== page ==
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Visiting the Harvard Museum of Natural History

Visiting the Harvard Museum of Natural History

This Friday, I was able to take a half day (hooray for vacation rollover!), so I decided to use my time off to do something fun and different. Earlier that weekend, my boyfriend, Matt, found out about the Harvard Museum of Natural History while looking up fun things to do in Boston. I was surprised that after several months of living in Boston (and 22 years of living in the Greater Boston Area), I didn’t know this place existed. Since the weather was less than desirable — AKA, several inches of heavy snow — we figured spending time walking around a museum would be a good way to go somewhere cool and different but stay shielded  from the snow.

LOCATION AND ACCESSIBILITY:

The museum is a short walk from the Harvard T stop and practically steps from Harvard Yard. The museum is located at 26 Oxford Street, Cambridge, which sounds like a very British address to me. Various buildings of sciences, from zoology to computer science to chemistry, surround the museum; this is no coincidence, as many contributions to the museum are from student and faculty research.

Harvard Museum of Natural History
This section is part of the Earth & Planetary Sciences exhibition.
Harvard Museum of Natural History
This section named each of these rare and interesting rocks and named the country in which each was discovered. I was surprised by all the cool varieties in the U.S. alone!

THE MUSEUM’S EXHIBITIONS:

The exhibitions, though very different, are very interesting, with a great amount of artifacts and replicas. I found myself immersed in the animal kingdom of Africa, in a New England forest, in Native American villages, and in prehistoric times through the highlight of sights that make up the museum. Anthropods: Creatures That Rule is another highlight; this exhibition includes a honeybee installation at certain times of the year. Finally, the famous glass exhibitions, Glass Flowers and Sea Creatures in Glass, are captivating and memorable spots.

Peabody Museum
This exhibition, which was part of the Peabody Museum, called Arts of War, included weaponry, armor, and helmets used throughout various periods and cultures.
Peabody Museum
The Peabody Museum also features ceramic pieces from different nations, cultures, and eras.
Peabody Museum
One ongoing exhibition features artifacts from different Native American tribes. It was fascinating to see differences in their day-to-day lives, transportation methods, and housing styles.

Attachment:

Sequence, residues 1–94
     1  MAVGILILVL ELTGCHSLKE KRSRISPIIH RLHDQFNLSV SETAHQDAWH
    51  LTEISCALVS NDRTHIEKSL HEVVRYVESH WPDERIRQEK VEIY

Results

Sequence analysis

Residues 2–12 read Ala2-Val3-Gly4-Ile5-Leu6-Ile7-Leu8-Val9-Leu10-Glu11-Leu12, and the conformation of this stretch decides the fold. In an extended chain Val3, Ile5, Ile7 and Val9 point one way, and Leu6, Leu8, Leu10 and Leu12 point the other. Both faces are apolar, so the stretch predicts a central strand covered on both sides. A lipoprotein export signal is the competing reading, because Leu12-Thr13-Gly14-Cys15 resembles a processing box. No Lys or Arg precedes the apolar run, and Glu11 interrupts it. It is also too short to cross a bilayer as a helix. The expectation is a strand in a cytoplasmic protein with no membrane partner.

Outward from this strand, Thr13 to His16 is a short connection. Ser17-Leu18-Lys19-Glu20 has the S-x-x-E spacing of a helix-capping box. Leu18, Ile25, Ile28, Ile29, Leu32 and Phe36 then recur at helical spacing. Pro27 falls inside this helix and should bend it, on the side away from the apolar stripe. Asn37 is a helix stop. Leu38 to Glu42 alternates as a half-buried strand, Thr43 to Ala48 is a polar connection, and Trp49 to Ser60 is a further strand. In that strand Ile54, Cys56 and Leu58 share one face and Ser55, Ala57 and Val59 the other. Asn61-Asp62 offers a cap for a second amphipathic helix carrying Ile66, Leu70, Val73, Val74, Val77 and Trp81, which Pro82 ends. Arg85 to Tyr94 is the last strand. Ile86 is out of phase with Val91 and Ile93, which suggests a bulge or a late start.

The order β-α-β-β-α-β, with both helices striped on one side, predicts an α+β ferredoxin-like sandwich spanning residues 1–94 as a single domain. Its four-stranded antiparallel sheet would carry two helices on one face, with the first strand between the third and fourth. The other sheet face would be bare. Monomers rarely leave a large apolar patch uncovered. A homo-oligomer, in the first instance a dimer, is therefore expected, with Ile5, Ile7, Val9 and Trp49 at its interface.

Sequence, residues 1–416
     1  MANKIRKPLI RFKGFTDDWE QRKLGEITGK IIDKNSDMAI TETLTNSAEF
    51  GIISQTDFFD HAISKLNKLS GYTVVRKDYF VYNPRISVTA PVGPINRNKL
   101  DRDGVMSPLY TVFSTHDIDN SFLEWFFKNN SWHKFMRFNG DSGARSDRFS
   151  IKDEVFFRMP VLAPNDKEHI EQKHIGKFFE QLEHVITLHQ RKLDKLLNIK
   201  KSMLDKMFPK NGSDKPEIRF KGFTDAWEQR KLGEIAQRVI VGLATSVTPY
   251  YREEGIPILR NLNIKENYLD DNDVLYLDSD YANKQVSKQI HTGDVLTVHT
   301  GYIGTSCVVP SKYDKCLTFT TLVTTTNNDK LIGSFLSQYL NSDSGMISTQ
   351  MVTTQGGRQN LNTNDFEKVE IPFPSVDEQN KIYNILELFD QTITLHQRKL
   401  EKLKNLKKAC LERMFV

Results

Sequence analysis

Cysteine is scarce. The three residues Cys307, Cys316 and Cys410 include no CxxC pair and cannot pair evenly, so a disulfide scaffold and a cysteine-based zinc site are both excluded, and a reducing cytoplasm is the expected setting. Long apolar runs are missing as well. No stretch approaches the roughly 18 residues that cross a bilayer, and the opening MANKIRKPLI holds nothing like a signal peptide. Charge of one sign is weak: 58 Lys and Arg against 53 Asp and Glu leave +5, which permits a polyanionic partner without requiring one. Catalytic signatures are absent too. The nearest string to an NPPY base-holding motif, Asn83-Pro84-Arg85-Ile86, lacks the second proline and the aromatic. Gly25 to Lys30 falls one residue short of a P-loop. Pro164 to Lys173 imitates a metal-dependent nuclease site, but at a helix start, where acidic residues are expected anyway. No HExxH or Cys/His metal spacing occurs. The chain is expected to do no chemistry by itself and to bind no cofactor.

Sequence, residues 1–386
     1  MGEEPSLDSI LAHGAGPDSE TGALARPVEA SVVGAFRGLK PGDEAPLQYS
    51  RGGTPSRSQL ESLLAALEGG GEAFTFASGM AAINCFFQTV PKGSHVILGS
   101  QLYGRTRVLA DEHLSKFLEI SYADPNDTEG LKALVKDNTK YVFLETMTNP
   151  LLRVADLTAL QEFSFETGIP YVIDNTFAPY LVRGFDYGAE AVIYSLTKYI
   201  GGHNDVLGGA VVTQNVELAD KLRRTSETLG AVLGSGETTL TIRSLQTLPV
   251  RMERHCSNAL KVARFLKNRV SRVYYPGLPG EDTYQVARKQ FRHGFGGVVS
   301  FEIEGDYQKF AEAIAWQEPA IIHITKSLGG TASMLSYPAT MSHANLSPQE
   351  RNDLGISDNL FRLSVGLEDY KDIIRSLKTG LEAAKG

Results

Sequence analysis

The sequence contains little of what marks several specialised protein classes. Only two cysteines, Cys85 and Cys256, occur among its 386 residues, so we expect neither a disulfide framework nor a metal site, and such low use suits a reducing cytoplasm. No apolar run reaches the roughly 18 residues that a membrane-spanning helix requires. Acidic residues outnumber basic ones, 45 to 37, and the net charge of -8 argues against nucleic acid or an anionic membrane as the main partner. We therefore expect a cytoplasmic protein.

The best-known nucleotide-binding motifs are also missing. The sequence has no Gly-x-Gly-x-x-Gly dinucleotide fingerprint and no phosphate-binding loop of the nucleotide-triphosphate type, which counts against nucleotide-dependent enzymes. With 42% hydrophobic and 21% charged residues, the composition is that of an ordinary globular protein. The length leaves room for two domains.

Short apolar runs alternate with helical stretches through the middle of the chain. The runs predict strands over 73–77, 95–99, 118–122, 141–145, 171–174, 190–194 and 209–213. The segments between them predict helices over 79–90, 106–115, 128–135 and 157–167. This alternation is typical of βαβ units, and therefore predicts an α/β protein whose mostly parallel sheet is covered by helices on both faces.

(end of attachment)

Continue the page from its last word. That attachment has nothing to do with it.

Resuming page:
ADMISSION:

If you have an active Harvard ID, admission to the museum is free. However, if you aren’t an employee or student at Harvard, admission is $12.00 for adults, or $10.00 for students with a non-Harvard student ID. (Unfortunately, my college ID says “Class of 2016” on it, so I can’t milk those discounts anymore. So sad.) Admission to the Peabody Museum Of Archaeology and Ethnology, which is next door and attached, is included in the purchase of entry to the Museum of Natural History.

Harvard Museum of Natural History
Equus: a genus of mammals in the family Equidae, i.e. horses, donkeys, etc. Also, the play that featured a naked Daniel Radcliffe standing beside a horse.
Harvard Museum of Natural History
Even some prehistoric animal bones make up a prehistoric exhibition. This guy is the world’s only mounted Kronosaurus, a marine reptile at over 40 feet. I definitely wouldn’t want to come face-to-face with that thing.
Harvard Museum of Natural History
The Evolution exhibition explores Charles Darwin’s famous theory.

HOURS OF OPERATION:

The museum is open almost every day from 9:00 AM to 5:00 PM, with the exception of a few holidays. However, they stayed open a little later than 5:00 when I went; people were coming in and out when Matt and I left around 5:15.

Harvard Museum of Natural History
Several rooms are designed to immerse you in different ecosystems and animal habitats. This one, which reminded me of trips to Canada in the summer as a child, is intended to be a New England forest.

 

If you decide to visit the Harvard Museum of Natural History or have been there before, let me know what you think!

 

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